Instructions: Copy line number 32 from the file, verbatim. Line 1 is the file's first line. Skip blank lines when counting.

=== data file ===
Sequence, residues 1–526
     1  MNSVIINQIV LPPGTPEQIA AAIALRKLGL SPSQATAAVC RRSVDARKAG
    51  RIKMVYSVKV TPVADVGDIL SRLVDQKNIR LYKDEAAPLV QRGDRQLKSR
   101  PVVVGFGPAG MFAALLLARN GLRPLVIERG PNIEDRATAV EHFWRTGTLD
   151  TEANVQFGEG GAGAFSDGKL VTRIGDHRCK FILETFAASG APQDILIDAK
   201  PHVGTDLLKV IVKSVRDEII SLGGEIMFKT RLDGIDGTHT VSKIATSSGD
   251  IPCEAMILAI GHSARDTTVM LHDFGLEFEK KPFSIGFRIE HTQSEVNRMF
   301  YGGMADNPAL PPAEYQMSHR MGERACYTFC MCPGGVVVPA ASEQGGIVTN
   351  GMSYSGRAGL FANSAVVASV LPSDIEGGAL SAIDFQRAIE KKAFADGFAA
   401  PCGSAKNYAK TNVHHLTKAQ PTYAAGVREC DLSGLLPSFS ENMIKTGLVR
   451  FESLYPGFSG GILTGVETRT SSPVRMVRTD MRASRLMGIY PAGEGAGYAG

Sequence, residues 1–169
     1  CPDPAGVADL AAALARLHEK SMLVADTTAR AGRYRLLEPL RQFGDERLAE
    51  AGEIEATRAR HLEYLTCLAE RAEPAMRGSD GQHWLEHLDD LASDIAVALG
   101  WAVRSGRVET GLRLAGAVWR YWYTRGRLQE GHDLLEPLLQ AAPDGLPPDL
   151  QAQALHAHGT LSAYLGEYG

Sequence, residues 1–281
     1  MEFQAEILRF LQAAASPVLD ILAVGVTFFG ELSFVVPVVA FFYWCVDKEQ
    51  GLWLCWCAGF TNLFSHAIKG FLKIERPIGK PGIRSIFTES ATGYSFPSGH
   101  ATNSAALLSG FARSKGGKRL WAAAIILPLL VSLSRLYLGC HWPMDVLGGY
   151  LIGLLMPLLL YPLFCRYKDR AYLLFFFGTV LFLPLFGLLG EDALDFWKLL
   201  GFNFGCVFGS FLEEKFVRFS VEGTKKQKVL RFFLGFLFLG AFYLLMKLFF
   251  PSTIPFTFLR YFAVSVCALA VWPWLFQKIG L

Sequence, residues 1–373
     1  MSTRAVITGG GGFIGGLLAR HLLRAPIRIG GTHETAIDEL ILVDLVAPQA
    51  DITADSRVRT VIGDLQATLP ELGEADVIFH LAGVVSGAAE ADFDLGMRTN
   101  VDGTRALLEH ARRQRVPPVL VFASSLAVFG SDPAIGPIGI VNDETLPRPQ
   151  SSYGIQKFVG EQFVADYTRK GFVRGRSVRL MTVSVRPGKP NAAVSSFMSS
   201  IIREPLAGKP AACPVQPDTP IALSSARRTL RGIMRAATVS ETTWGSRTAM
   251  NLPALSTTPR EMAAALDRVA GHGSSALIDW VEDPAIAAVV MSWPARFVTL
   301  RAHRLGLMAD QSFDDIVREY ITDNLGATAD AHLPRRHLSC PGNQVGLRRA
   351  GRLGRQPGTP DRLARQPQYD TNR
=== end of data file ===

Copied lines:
   351  GRLGRQPGTP DRLARQPQYD TNR